The Reserve Bank of Australia (RBA) Financial Stability Review (FSR), released earlier today, contains some interesting data on household debt levels and household’s preferences on how they service this debt.
The FSR shows that overall debt levels, which are 148% of disposable incomes currently, remain near historical highs having barely moved since 2006, when they peaked at 153%. However, due to lower interest rates, this debt has become easier to service.
The more prudent approach to finances can also be seen in households’ reduced appetite for taking on additional debt since the financial crisis (Graph 3.12).
Household credit growth has been slower in the past five years – at an average annual rate of around 5½ per cent – than in the 20 years prior, when it averaged around 13½ per cent. Within household credit, personal credit has declined over the past five years, with a large fall in margin loans partially offset by modest growth in credit card debt. Growth in housing credit has also slowed over this period, to a current annual rate of around 4½ per cent despite a moderate pick-up in the value of housing loan approvals in the past few years. The slower pace of credit growth has been outpaced by income growth in the past couple of years, resulting in the household debt-to-income ratio falling slightly, to 148 per cent, after peaking at 153 per cent in late 2006. Real household disposable income growth has recently slowed a little, however, to 2 per cent over the year to the December quarter 2012. This modest growth in income, combined with the decline in interest rates and slower credit growth, has reduced the share of disposable income used to make interest payments to an estimated 9½ per cent in the March quarter 2013. Household indebtedness and gearing are still around historically high levels though, so from the perspective of their financial resilience it would be preferable if households maintained this more prudent behaviour.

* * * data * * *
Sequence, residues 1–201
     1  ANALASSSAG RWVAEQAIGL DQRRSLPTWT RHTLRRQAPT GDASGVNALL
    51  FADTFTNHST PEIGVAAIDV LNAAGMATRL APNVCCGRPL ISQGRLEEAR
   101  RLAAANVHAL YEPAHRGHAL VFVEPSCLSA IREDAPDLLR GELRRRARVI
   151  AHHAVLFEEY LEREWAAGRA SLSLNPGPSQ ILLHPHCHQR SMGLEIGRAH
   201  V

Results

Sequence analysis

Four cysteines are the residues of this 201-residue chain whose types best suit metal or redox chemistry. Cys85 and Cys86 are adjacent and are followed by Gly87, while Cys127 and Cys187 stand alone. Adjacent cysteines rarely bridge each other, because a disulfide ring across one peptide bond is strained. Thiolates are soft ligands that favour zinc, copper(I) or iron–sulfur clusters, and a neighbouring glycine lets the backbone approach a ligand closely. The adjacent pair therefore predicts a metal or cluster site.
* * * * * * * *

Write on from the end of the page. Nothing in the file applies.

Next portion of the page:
The RBA also implictly explains why housing finance commitments have, until recently, been rising whilst mortgage credit growth continues to fall. The answer is in the fact that households with pre-existing mortgages are taking advantage of lower mortgage rates to pay down their debt (partly offsetting new mortgage creation). These accelerated repayments, in turn, are improving household’s own financial stability by increasing their mortgage buffers – i.e. the amount paid in excess of their minimum required repayments.
Contributing to the slower pace of credit growth is the fact that many households have been taking advantage of the lower interest rate environment to pay down their debt faster than required. Mortgage buffers – balances in mortgage offset and redraw facilities – are now estimated to be equivalent to around 14 per cent of the outstanding stock of housing loans (Graph 3.13).
When interest rates fall, not all borrowers reduce their mortgage payments, resulting in an increase in prepayment rates. The increase in the rate of prepayment as a result of the decline in mortgage lending rates since late 2011 is estimated to have reduced the growth rate of housing credit by around ½ percentage point over 2012.
Measured a different way, in aggregate, households’ mortgage buffers are equivalent to around 20 months of scheduled repayments (principal plus interest) at current interest rates. This provides considerable scope for many borrowers to continue to meet their loan repayments even during a temporary spell of unemployment or reduced income. As with housing loans, households have also been paying off credit card debt; net repayments on personal credit and charge cards have been above average in recent years and balances on personal credit cards have also slightly declined since mid 2012.
While the aggregate lift in mortgage buffers is a good thing, it provides only a limited assessment of default risks. Since risks are at the margin, we would need to know the breakdown at different loan-to-value ratio (LVR) levels in order to know whether there are a significant portion of high LVR mortgages potentially at risk in the event of a major economic downturn.